The Esparza Family

The Story of Enrique Esparza as told in the San Antonio Light, Saturday November 22, 1902:

(Continued): “My father decided to take the offer and move the family to San Felipe. Everything was ready, when one morning, Mr. W. Smith, who was godfather to my youngest brother, came to our house on North Flores street, just above where the Presbyterian church now is, and told my mother to tell my father when he came in that Santa Ana had come. (Northeast corner of Houston and N. Flores Streets.)

“When my father came my mother asked him what he would do. You know the Americans had the Alamo, which had been fortified a few months before by General Cos.

“Well, I’m going to the fort” my father said.

“Well, if pop goes, I am going along, and the whole family too.

“It took the whole day to move and an hour before sundown we were inside the fort. There was a bridge over the river about where Commerce street crosses it, and just as we got to it we could hear Santa Anna’s drums beating on Milam Square, and just as we were crossing the ditch going into the fort Santa Anna fired his salute on Milam Square.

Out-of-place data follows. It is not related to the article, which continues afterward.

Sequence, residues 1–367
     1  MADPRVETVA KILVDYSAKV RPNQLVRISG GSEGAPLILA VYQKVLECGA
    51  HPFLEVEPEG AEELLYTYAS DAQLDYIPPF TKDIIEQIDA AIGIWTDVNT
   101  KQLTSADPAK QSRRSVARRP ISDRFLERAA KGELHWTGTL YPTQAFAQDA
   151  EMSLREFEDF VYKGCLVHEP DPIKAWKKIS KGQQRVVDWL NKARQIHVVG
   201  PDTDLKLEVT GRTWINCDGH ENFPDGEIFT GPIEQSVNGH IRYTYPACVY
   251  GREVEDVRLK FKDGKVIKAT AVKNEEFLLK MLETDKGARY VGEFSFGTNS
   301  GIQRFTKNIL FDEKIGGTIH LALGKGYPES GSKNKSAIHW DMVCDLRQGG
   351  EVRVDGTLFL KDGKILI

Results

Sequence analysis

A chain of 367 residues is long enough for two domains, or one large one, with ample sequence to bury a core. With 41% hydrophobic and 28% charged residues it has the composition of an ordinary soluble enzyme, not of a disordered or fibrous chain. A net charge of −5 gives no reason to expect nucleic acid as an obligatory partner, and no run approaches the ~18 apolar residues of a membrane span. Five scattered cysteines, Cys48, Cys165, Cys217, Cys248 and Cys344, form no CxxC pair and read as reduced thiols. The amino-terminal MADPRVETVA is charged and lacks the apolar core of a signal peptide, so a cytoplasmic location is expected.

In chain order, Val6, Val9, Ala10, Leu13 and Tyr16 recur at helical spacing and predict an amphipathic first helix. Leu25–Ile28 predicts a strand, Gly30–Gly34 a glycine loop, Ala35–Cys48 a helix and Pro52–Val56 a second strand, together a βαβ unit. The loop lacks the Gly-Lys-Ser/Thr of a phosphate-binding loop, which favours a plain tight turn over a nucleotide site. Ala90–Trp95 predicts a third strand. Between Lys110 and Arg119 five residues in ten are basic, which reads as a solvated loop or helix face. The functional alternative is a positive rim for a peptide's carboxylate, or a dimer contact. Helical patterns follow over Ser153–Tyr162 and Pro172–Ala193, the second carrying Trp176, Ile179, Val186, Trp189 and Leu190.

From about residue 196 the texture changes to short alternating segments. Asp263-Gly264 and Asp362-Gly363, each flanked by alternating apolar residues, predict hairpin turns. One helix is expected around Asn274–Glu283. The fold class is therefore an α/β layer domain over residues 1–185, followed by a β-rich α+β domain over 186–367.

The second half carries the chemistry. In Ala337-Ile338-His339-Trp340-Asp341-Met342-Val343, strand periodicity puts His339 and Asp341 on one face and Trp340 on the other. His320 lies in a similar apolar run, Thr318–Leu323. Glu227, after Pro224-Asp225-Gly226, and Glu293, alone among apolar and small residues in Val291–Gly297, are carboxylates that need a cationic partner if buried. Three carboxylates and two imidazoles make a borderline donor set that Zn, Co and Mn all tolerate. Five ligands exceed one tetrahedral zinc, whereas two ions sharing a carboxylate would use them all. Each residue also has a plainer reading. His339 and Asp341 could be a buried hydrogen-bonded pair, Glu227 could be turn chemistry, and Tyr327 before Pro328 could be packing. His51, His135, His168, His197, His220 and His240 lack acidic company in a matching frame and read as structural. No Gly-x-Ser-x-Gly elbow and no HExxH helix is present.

“There were a few other families who had gone in. A Mrs. Cabury[?] and her sister, a Mrs. Victoriana, and a family of several girls, two of whom I knew afterwards, Mrs. Dickson, Mrs. Juana Melton, a Mexican woman who had married an American, also a woman named Concepcion Losoya and her son, Juan, who was a little older than I.

“The first thing I remember after getting inside the fort was seeing Mrs. Melton making circles on the ground with an umbrella. I had seen very few umbrellas. While I was walking around about dark I went near a man named Fuentes who was talking at a distance with a soldier. When the latter got near me he said to Fuentes:

“Did you know they had cut the water off?”

“The fort was built around a square. The present Hugo-Schmeltzer building is part of it. I remember the main entrance was on the south side of the large enclosure. The quarters were not in the church, but on the south side of the fort, on either side of the entrance, and were part of the convent. There was a ditch of running water back of the church and another along the west side of Alamo Plaza. We couldn’t get to the latter ditch as it was under fire and it was the other one that Santa Anna cut off. The next morning after we had gotten in the fort I saw the men drawing water from a well that was in the convent yard. The well was located a little south of the center of the square. I don’t know whether it is there now or not. (to be continued next week)

Bible study every Tuesday night from 7-8 p.m. at the Verdi Community Center. We are studying the book of Romans.

Word for the week: “I cannot teach anybody anything, I can only make them think.” – Socrates

My time is up and I thank you for yours.

TTFN (ta ta for now),

Gina Huizar

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